* Unusual Responses to Sensations: - There may be a generalized over or under responsiveness to sight, touch, hearing, smell, taste, pain, balance and body position. Autistic children often seem to get much satisfaction from their senses - smelling new objects, running their hands or tongues over rough or smooth surfaces. Some children recoil at being touched in certain areas of the body. Others seek out physical stimulation and engage in self-stimulating activities like rocking, twirling, and hand-flapping. Some children don't feel pain and self-injurious behaviour's such as their pulling, biting, or hitting parts of the body may be present. Eating difficulties are common; autistic children seem sensitive to various food textures.
* Resistence to Change: - Any change in routine, in the objects they are used to, even how objects are arranged in a room may upset these children tremendously.
What is the Prognosis?
* There is no known treatment available which alters the course of the disorder. Recent studies indicate that the incidence of EEG abnormalities increases with age as does the possible onset of seizures.
* There is increasing evidence that autistic children benefit from special education. Through specialized teaching the autistic child can be helped to understand and use words and gestures, though many will never be able to cope fully with the abstractions of language. The earlier and longer an autistic child receives appropriate education the more likely he/she is to remain in the community.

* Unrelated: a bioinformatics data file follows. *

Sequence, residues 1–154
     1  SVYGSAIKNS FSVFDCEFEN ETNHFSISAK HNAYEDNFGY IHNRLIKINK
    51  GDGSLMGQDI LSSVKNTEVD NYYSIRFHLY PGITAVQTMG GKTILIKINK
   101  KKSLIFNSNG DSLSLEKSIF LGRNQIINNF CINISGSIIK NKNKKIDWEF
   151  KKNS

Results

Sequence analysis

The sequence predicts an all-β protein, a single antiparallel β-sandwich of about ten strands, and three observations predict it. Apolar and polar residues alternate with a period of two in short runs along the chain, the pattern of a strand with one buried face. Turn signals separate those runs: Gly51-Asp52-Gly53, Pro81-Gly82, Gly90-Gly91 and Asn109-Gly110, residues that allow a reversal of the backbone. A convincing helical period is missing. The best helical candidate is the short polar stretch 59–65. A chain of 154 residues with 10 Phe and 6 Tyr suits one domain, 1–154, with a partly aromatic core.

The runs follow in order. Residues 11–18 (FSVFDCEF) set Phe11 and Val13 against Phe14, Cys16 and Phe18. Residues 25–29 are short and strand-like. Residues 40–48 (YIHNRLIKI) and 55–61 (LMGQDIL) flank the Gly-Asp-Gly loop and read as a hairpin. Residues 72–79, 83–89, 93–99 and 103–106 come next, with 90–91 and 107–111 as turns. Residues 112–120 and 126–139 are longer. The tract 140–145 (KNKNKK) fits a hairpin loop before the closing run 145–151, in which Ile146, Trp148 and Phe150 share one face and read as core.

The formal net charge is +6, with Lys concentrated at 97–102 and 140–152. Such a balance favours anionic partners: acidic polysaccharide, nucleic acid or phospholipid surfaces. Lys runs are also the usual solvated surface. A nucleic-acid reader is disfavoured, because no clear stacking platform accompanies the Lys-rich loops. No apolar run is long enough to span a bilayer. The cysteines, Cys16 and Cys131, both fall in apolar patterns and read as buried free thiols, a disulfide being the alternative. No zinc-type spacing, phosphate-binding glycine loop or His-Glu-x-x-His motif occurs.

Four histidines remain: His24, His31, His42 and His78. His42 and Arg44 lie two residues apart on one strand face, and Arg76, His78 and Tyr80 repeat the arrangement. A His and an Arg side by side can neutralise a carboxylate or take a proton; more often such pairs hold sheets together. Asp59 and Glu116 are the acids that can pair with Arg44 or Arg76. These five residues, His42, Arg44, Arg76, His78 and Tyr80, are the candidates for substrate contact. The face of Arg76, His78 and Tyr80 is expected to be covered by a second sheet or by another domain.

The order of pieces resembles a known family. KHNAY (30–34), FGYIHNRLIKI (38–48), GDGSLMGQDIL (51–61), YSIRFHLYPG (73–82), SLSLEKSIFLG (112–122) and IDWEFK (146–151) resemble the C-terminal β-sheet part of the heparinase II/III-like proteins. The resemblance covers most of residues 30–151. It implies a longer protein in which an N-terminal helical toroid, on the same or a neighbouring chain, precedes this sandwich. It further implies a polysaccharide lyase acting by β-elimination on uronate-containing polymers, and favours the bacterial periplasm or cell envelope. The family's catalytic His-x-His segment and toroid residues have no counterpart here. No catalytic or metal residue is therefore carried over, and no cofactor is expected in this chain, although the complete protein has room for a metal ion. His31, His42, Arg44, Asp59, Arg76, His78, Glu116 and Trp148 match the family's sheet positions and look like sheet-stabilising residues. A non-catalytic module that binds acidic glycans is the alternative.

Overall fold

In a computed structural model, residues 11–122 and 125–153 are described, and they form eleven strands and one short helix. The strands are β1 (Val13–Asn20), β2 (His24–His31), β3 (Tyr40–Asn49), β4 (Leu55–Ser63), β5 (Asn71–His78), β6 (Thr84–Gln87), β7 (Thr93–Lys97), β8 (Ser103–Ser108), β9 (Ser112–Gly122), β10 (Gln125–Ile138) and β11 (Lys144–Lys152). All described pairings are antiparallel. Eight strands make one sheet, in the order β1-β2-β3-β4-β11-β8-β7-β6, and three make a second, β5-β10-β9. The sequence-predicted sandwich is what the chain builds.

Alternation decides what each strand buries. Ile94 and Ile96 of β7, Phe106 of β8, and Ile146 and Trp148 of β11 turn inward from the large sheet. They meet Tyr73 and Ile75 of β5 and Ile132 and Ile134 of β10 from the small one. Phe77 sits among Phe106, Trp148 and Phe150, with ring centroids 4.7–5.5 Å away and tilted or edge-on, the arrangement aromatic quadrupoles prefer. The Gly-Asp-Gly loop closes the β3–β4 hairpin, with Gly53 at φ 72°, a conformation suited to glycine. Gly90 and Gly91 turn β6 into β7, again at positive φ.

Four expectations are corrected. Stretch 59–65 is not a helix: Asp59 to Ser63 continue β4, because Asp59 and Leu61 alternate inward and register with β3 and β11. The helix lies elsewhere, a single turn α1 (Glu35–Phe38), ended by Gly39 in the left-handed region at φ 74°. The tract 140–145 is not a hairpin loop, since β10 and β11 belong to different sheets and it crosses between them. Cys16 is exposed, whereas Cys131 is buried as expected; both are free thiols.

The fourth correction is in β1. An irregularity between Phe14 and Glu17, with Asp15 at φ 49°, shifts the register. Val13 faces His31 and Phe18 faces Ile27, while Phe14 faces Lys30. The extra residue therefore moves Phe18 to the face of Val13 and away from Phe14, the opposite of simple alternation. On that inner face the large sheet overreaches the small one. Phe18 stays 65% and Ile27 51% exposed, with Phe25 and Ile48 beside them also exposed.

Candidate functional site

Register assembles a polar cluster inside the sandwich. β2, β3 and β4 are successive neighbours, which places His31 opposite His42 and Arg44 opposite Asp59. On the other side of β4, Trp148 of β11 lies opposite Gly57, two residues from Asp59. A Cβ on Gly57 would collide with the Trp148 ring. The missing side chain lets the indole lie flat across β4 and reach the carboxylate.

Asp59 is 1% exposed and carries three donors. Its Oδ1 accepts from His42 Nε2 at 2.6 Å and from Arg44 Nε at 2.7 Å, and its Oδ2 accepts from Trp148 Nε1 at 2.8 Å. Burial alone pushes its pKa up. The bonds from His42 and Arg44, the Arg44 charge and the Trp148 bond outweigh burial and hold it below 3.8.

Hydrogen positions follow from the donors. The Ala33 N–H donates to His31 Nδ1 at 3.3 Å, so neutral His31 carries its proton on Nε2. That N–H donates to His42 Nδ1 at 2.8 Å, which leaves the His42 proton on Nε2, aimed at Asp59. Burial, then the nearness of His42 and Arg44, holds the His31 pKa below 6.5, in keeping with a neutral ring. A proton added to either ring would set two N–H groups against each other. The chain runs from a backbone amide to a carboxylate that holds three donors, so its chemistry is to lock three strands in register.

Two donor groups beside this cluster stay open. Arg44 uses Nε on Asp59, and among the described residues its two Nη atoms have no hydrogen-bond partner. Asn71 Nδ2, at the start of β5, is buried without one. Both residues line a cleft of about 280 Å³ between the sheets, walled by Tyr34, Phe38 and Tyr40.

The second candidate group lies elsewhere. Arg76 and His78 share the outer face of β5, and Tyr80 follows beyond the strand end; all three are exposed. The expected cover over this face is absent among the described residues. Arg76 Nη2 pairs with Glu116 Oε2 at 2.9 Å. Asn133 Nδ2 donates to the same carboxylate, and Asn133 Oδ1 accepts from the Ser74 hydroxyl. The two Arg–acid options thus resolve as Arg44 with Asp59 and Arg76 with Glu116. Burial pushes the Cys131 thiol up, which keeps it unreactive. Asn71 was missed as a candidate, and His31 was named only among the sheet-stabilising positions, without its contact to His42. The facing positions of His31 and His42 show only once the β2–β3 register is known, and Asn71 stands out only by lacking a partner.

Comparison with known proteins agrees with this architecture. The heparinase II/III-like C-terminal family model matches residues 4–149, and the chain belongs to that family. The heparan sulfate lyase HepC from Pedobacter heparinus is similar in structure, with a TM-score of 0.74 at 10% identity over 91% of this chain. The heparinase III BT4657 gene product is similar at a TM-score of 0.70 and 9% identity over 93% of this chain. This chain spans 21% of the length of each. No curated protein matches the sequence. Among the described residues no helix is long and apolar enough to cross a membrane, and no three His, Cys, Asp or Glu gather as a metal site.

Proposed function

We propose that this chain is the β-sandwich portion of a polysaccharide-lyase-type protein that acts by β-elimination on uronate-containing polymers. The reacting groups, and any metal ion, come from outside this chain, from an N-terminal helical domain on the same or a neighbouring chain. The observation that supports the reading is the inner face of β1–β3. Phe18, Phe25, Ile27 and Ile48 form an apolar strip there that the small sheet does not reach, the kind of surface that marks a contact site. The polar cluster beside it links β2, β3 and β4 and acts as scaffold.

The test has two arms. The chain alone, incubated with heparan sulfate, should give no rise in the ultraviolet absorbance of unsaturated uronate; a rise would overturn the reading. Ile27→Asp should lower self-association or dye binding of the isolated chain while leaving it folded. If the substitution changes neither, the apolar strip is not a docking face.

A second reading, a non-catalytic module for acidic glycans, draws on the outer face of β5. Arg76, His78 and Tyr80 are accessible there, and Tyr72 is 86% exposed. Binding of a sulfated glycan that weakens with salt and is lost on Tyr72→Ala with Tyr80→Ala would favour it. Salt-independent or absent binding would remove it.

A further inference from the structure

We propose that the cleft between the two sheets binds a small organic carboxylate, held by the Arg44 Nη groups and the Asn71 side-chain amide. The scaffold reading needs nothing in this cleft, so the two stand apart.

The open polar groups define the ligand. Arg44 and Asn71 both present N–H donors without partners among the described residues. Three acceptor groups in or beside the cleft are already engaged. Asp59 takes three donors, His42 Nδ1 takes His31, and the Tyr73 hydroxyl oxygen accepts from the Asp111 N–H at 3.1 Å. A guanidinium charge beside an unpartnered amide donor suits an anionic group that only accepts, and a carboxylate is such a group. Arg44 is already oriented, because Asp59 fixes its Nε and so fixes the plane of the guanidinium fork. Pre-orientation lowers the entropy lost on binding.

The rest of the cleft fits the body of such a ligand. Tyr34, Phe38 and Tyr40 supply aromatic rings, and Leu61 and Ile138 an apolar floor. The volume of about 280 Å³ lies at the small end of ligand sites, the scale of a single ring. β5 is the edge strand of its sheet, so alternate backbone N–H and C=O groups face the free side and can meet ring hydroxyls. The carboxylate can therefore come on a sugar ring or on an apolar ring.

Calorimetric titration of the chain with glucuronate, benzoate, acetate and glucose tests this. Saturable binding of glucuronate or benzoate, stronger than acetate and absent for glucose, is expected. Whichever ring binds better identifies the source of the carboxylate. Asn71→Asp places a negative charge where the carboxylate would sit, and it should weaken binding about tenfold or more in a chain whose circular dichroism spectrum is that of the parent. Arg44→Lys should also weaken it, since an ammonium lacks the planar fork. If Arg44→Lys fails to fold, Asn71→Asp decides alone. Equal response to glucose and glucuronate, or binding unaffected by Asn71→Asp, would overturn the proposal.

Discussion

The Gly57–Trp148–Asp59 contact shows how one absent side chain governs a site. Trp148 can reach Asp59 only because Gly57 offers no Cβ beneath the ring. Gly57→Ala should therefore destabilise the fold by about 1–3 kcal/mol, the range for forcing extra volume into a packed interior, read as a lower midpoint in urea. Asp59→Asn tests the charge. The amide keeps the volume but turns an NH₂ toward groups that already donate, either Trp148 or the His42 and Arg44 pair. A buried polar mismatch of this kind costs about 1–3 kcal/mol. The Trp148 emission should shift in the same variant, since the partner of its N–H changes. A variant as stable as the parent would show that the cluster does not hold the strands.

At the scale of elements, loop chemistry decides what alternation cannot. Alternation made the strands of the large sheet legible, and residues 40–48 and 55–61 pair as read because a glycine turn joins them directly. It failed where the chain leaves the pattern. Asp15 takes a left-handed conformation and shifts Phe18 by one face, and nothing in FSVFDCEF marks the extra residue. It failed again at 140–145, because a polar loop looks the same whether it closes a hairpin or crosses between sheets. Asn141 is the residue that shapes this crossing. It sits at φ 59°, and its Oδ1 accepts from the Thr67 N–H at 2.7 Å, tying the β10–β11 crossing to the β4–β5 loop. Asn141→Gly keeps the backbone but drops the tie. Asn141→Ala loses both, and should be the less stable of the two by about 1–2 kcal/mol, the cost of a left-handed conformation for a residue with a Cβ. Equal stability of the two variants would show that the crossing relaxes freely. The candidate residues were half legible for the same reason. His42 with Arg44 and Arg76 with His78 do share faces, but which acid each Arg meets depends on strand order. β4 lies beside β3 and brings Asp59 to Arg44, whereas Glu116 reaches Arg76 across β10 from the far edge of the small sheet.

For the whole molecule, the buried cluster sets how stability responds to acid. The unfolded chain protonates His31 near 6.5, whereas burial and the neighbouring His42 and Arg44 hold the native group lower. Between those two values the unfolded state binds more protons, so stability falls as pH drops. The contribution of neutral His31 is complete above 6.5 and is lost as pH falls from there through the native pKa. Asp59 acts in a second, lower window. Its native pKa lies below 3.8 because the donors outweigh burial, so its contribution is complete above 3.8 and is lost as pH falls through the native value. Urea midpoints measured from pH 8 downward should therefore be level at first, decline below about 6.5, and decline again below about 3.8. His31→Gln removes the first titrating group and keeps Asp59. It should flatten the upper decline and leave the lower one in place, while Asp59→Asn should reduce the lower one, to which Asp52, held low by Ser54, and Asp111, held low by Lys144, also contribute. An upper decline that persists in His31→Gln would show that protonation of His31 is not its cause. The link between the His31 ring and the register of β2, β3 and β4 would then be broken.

* Employment is possible for some. Favourable job situations ar ethose which offer a predictable routine, contact with a limited number of people and an employer who is willing to exercise personal guidance and control when needed.
What is Needed?
* Diagnostic and Assessment Services: - To identify autistic children as early as possible, more special centres are needed where all required testing and observation with trained staff would be readily available.